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Our international team of scientists are tackling a fundamental question about how cancer develops: why do some gene faults only cause cancer in certain organs?
UK scientists are putting together a list of the most promising potential cancer drug targets in one of the largest lab studies of its kind.
Scientists are taking a leaf out of Darwin’s evolutionary handbook to understand how lung cancer evolves.
Our scientists have found that breast cancer is not 1 but 10 different diseases, each with a different risk of coming back or spreading.
Scientists are working to document all the faults in the DNA of cancer cells to help them understand how cancer works.
Three new teams funded through our Grand Challenge are about to embark on research projects focusing on the microbiome, faulty genes and chronic inflammation.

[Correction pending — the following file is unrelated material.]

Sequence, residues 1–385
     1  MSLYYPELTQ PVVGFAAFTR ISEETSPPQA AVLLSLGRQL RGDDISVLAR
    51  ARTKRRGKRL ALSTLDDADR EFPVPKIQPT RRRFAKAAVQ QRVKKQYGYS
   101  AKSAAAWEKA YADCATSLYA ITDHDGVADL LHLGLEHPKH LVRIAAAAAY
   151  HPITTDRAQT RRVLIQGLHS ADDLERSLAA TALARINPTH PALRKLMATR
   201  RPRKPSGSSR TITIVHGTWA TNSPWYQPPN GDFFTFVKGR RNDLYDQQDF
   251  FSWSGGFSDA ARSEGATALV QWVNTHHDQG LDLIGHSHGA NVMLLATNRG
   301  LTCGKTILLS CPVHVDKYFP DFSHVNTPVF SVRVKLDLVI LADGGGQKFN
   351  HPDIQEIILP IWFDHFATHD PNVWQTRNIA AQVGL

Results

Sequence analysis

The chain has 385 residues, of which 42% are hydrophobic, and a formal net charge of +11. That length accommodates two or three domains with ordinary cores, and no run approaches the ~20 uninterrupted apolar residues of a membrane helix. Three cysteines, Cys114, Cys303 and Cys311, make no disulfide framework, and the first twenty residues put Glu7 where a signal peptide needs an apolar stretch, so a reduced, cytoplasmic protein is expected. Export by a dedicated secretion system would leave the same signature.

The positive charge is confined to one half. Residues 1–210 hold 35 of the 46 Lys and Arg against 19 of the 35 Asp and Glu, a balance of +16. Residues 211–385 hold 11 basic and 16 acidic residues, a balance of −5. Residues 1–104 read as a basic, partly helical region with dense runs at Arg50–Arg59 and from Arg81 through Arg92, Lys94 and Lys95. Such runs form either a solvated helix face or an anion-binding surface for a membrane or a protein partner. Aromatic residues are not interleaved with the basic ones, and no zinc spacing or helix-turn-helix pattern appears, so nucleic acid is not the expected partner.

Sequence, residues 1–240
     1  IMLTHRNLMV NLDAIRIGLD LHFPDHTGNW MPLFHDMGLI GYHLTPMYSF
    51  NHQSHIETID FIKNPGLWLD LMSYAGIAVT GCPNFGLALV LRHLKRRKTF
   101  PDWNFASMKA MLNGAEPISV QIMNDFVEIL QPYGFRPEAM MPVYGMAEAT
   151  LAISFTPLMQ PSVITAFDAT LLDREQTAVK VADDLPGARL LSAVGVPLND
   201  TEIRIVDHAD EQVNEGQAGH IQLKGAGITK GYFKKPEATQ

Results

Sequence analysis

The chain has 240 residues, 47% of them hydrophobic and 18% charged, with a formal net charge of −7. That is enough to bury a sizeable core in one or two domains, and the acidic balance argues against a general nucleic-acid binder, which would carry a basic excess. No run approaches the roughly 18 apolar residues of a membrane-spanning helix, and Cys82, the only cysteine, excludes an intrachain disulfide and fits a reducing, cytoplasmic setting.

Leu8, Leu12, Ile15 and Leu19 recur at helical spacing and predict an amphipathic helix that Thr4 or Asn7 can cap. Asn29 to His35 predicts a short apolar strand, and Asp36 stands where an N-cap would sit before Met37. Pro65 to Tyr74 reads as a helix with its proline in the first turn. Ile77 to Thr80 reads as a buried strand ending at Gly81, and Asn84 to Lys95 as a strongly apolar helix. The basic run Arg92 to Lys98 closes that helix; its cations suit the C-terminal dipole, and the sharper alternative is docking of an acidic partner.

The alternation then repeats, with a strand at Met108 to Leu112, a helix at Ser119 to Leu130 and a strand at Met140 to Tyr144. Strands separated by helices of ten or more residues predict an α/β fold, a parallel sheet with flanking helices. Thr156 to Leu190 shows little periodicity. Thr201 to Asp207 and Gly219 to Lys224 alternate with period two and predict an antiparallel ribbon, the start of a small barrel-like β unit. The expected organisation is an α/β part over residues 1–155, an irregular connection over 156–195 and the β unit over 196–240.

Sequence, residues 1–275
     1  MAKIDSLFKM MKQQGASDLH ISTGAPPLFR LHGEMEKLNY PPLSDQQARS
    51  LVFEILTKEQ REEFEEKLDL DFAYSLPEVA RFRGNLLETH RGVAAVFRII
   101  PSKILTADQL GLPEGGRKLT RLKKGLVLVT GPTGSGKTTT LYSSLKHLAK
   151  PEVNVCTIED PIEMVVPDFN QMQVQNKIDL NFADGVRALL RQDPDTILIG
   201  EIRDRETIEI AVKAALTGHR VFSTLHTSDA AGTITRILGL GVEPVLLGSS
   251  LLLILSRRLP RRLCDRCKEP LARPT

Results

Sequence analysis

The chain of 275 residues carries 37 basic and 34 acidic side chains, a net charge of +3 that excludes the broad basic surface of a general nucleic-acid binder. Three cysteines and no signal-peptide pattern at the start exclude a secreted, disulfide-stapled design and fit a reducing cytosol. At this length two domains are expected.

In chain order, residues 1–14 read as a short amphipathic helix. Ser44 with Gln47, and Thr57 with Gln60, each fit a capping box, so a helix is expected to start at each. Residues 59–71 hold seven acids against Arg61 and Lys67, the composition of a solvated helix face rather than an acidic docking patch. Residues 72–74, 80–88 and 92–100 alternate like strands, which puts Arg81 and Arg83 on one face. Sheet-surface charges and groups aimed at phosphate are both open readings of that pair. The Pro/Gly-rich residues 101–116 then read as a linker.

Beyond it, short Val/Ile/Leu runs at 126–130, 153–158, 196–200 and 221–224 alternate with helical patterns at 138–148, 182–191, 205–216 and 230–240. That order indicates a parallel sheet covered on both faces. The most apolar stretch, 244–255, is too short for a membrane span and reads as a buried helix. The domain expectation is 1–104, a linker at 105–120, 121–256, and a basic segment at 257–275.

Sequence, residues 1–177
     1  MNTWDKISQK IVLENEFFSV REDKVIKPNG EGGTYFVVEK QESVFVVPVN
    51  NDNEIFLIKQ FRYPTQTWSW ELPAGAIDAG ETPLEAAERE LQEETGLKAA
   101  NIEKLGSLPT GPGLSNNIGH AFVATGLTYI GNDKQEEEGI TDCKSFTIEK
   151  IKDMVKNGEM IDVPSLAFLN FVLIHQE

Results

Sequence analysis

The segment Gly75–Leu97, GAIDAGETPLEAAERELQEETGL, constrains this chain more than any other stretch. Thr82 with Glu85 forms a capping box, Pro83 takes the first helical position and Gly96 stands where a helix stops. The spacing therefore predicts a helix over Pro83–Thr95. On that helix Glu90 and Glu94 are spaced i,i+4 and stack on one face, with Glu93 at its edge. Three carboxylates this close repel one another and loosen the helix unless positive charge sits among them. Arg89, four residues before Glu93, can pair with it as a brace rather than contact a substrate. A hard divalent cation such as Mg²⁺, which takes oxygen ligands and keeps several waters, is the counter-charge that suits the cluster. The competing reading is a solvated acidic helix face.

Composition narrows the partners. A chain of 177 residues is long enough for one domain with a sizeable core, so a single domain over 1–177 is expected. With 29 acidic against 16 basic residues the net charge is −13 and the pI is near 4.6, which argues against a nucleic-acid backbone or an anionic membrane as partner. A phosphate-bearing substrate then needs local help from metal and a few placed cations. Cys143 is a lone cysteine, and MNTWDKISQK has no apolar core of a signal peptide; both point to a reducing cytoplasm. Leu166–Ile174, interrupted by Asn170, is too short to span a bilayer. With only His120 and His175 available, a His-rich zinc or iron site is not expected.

We find out how stem cells could provide clues to how bowel cancer develops.
The time it takes for cancer to develop will vary from tumour to tumour. But on the whole, it’s slower than you might expect.
A genome, a gene and a chromosome are all structures of DNA. The difference between them is the amount of DNA they contain.
Two important cancer genes cooperate to make lung cancers more aggressive in mice, according to new research.